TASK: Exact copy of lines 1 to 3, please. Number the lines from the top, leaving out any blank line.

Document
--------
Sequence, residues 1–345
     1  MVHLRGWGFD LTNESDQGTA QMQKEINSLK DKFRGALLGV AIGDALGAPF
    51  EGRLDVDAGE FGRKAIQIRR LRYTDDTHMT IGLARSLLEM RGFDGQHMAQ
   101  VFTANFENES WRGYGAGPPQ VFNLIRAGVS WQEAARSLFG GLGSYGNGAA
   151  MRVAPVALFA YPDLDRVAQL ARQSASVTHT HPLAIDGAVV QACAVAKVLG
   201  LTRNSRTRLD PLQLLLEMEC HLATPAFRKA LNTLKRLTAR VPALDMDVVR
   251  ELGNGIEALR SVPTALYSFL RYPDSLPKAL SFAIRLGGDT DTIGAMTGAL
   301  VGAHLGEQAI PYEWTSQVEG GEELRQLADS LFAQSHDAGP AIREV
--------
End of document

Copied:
Sequence, residues 1–345
     1  MVHLRGWGFD LTNESDQGTA QMQKEINSLK DKFRGALLGV AIGDALGAPF
    51  EGRLDVDAGE FGRKAIQIRR LRYTDDTHMT IGLARSLLEM RGFDGQHMAQ